Although Bhargava uses his office primarily for meetings, the mathematical toys decorating its surfaces are more than just a colorful backdrop. When he was a graduate student at Princeton, they helped him solve a 200-year-old problem in number theory.

If two numbers that are each the sum of two perfect squares are multiplied together, the resulting number will also be the sum of two perfect squares (Try it!). As a child, Bhargava read in one of his grandfather’s Sanskrit manuscripts about a generalization of this fact, developed in the year 628 by the great Indian mathematician Brahmagupta: If two numbers that are each the sum of a perfect square and a given whole number times a perfect square are multiplied together, the product will again be the sum of a perfect square and that whole number times another perfect square. “When I saw this math in my grandfather’s manuscript, I got very excited,” Bhargava said.

There are many other such relationships, in which numbers that can be expressed in a particular form can be multiplied together to produce a number with another particular form (sometimes the same form and sometimes a different one). As a graduate student, Bhargava discovered that in 1801, the German mathematical giant Carl Friedrich Gauss came up with a complete description of these kinds of relationships if the numbers can be expressed in what are known as binary quadratic forms: expressions with two variables and only quadratic terms, such as x2 + y2 (the sum of two squares), x2 + 7y2, or 3x2 + 4xy + 9y2. Multiply two such expressions together, and Gauss’ “composition law” tells you which quadratic form you will end up with. The only trouble is that Gauss’ law is a mathematical behemoth, which took him about 20 pages to describe.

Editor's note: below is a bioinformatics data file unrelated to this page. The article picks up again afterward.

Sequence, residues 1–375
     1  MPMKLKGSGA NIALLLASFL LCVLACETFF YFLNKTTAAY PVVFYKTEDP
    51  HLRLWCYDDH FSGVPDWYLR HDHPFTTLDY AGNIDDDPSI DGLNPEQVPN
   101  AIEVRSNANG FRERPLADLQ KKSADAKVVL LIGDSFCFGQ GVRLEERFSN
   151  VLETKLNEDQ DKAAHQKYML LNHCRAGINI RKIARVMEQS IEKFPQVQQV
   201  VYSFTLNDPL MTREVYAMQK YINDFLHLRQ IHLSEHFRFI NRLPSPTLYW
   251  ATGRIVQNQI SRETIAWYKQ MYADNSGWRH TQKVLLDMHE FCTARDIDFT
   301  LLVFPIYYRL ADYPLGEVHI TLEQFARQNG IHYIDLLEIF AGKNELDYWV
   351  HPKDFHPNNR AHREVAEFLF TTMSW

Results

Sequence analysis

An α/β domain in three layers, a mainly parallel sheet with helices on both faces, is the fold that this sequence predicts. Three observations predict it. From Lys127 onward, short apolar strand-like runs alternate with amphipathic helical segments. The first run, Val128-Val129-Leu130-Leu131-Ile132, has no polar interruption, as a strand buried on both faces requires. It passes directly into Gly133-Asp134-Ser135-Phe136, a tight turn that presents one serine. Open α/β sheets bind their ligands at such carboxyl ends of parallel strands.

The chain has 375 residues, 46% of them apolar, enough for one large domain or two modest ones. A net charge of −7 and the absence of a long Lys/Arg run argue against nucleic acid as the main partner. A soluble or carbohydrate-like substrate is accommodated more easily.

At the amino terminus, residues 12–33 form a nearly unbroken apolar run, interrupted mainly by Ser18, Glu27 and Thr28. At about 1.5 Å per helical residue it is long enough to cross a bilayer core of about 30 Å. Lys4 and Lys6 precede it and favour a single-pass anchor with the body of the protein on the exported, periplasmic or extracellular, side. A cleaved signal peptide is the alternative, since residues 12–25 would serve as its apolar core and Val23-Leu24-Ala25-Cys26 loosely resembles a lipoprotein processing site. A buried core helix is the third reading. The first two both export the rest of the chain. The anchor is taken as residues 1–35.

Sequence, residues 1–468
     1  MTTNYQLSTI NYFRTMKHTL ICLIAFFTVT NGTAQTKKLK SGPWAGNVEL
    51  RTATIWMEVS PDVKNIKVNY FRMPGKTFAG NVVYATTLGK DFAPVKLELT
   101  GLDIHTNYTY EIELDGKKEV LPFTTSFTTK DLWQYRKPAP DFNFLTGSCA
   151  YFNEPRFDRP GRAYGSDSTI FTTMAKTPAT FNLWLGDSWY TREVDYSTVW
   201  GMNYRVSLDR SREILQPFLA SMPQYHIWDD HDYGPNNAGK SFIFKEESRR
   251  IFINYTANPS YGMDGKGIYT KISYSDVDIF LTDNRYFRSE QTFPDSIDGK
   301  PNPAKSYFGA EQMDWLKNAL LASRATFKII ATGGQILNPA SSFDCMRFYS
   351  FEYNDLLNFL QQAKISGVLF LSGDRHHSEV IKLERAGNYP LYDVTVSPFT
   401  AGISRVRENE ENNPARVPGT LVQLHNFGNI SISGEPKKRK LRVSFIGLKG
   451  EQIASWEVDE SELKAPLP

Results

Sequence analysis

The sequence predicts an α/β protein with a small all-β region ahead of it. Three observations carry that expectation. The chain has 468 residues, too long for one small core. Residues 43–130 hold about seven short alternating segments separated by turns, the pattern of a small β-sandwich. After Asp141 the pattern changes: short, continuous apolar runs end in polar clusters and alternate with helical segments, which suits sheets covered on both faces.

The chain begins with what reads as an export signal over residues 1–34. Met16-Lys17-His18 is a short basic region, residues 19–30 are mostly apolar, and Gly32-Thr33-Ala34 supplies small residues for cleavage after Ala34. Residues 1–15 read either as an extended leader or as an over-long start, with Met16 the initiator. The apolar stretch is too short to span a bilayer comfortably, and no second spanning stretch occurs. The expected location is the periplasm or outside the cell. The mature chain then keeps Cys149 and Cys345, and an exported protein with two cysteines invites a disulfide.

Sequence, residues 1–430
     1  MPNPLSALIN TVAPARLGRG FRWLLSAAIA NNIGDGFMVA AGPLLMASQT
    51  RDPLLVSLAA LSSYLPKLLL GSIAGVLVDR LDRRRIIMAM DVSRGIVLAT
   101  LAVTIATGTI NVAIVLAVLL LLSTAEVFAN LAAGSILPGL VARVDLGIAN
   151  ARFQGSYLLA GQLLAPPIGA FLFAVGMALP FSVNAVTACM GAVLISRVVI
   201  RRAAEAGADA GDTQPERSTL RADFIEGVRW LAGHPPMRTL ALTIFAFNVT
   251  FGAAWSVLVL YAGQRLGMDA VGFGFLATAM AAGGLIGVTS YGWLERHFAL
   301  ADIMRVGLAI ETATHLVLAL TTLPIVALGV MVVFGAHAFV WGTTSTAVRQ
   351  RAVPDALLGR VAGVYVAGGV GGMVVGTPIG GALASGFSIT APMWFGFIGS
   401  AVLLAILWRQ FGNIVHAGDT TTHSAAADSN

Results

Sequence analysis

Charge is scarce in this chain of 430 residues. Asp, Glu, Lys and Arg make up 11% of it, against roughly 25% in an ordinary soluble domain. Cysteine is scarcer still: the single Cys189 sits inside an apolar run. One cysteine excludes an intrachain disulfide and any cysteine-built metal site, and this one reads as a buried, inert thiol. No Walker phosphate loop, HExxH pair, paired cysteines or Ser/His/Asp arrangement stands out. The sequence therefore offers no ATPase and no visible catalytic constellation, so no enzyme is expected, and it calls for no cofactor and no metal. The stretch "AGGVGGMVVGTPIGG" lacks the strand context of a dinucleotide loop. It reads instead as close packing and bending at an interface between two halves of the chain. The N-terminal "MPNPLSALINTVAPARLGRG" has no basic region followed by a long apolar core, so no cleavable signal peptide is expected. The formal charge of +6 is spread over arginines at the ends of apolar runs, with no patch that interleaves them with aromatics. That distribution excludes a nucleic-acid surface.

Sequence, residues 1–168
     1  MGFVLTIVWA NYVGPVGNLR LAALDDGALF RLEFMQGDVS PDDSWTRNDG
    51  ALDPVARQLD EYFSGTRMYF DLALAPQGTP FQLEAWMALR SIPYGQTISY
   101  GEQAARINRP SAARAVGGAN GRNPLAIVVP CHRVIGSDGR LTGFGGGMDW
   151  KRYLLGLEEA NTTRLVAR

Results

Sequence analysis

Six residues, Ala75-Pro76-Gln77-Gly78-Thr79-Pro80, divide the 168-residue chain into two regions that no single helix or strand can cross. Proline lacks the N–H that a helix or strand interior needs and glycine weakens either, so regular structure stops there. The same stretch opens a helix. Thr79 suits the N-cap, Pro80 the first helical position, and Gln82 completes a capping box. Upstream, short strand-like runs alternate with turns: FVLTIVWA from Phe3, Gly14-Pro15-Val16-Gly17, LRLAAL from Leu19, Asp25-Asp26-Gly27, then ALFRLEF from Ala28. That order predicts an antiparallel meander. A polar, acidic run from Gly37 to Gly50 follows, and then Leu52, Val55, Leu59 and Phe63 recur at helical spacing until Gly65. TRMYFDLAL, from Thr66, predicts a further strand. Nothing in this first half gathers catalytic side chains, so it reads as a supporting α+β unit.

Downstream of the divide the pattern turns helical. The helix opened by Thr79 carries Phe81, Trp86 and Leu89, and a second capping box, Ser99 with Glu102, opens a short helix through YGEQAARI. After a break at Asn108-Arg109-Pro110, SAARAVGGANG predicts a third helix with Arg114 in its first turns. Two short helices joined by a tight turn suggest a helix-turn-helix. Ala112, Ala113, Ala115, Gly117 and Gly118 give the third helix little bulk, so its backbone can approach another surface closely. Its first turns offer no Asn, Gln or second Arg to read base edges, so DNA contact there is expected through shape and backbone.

Bhargava wondered whether there was a simple way to describe what was going on and whether there were analogous laws for expressions involving higher exponents. He has always been drawn, he said, to questions like this one — “problems that are easy to state, and when you hear them, you think they’re somehow so fundamental that we have to know the answer.”

The answer came to him late one night as he was pondering the problem in his room, which was strewn with Rubik’s Cubes and related puzzles, including the Rubik’s mini-cube, which has only four squares on each face. Bhargava — who used to be able to solve the Rubik’s Cube in about a minute — realized that if he were to place numbers on each corner of the mini-cube and then cut the cube in half, the eight corner numbers could be combined in a natural way to produce a binary quadratic form.

There are three ways to cut a cube in half — making a front-back, left-right or top-bottom division — so the cube generated three quadratic forms. These three forms, Bhargava discovered, add up to zero — not with respect to normal addition, but with respect to Gauss’ method for composing quadratic forms. Bhargava’s cube-slicing method gave a new and elegant reformulation of Gauss’ 20-page law.

Additionally, Bhargava realized that if he arranged numbers on a Rubik’s Domino — a 2x3x3 puzzle — he could produce a composition law for cubic forms, ones whose exponents are three. Over the next few years, Bhargava discovered 12 more composition laws, which formed the core of his Ph.D. thesis. These laws are not just idle curiosities: They connect to a fundamental object in modern number theory called an ideal class group, which measures how many ways a number can be factored into primes in more complicated number systems than the whole numbers.

“His Ph.D. thesis was phenomenal,” Gross said. “It was the first major contribution to Gauss’ theory of composition of binary forms for 200 years.” ]]>